March 31, 1865: Battle of White Oak Road


Realizing that Grant was moving sufficient troops to flank his right, General Lee decided to launch an attack against the troops of the Union V Corps, holding a section of  the White Oak Road and preventing the linking of the Confederate right under Pickett with the rest of Lee’s army.  The Union left was in the air, separated by  three miles from Sheridan’s troopers at Dinwiddie Court House and Lee intended to take full advantage of this fact, massing four brigades to make the attack.

The Confederates routed two Union divisions, chasing them south of Gravelly Run.  At 2:30 PM the Union V Corps counterattacked across Gravelly Run, the attack spearheaded by the First Division of the V Corps.  The spearhead of the spearhead was Joshua Lawrence Chamberlain’s brigade, still led by Chamberlain although he had been seriously wounded at the battle of Lewis Farm on March 29, 1865.  The Union counterattack was successful,  recovering the lost ground and once again breaking the White Oak Road, separating the Confederate right at Five Forks from the rest of the Confederate army.  Union casualties were approximately 1407 to approximately 800 Confederate.


Here is the report of Brigadier General Charles Griffin who command the First Division of the V Corps:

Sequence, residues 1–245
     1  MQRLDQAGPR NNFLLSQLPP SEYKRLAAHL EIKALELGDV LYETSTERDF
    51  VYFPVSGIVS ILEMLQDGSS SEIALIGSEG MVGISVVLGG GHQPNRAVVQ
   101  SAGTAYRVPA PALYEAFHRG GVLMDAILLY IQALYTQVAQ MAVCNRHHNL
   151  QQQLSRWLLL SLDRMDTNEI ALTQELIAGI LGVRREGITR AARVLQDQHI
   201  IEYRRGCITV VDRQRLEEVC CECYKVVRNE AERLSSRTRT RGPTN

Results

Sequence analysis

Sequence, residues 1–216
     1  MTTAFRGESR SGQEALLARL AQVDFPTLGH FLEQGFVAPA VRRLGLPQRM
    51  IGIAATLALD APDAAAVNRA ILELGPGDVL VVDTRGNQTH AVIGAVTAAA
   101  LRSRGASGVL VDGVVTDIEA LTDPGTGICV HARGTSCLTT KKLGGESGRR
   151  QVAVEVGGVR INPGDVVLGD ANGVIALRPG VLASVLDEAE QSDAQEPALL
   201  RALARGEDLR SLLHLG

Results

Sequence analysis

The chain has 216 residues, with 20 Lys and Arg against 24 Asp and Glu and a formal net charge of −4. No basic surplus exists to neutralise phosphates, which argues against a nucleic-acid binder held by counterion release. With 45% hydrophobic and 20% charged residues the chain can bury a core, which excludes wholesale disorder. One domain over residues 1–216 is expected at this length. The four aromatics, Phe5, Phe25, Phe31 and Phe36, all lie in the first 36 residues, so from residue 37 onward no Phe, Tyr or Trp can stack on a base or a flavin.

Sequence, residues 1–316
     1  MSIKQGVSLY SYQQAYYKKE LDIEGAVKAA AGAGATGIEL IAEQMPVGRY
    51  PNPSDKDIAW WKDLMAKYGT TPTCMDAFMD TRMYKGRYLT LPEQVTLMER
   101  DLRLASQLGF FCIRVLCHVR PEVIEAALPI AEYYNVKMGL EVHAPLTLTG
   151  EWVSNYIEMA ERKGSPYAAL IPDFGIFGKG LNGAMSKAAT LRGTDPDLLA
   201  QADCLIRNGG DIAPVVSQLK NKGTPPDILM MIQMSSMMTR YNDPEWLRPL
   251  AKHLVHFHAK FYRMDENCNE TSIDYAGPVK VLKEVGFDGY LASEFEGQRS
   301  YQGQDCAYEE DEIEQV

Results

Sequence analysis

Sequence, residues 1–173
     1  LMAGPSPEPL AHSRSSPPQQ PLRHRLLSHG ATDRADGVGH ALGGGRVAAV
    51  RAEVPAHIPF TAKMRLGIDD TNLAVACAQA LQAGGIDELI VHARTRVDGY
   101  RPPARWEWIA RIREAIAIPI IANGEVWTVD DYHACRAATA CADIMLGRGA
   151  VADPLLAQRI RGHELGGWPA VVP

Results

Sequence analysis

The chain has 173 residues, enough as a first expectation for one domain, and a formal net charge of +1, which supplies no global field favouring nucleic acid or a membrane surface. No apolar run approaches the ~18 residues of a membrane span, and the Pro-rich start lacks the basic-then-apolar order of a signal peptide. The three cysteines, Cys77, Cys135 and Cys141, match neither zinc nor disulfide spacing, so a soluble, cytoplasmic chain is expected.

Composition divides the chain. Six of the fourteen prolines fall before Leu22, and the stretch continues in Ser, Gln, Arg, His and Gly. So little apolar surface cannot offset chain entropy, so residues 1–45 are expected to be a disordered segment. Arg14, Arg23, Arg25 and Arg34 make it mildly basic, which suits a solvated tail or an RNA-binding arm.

March 31, the division was relieved by the Second Corps, and directed to move to the left and mass upon the ground the Second Division had previously occupied. About 11 a. m., heavy musketry being heard in or front toward the White Oak road, the division was immediately put in motion in the direction of the firing, and had scarcely reached the bank of Gravelly Run when it was met by the Third Division running to the rear in a most demoralized and disorganized condition, soon after followed by the Second Division. The First Division was formed in line of battle along the bank of the run with the utmost difficulty, and two batteries placed in position, when the enemy pursuing our troops were checked and driven back. The command was then pushed across the run, supported by the Second and Third Divisions, and the First brigade, leading, regained the position first taken by the troop in the morning. The enemy demonstrating in his rifle-pits, still in our front, General Chamberlain pushed boldly forward, carrying them in a handsome manner, taking one flag and about 135 prisoners, and gaining possession of the White Oak road. The First and Second Brigades entrenched upon this line, throwing a strong picket-line to the front and across the White Oak road. About an hour after this connection was established by the Second Corps with our right. Soon after 5 p. m. the Third Brigade, under command of General Bartlett, which was in reserve was sent, via the J. Boisseau house, to connect with the cavalry, which appeared to be engaged some miles distant in the direction of Dinwiddie Court-House. The brigade moved some three miles, when it struck a picket-line of the enemy’s some skirmishing occurred, but darkness coming on almost immediately further operations were prevented. This brigade remained in this position until about midnight, when it returned to the vicinity of the line occupied by the First and Second Brigades, in compliance with an order received about 10.30 p m. for the division to withdraw and move down the plank road to Dinwiddie Court-House and report to General Sheridan.

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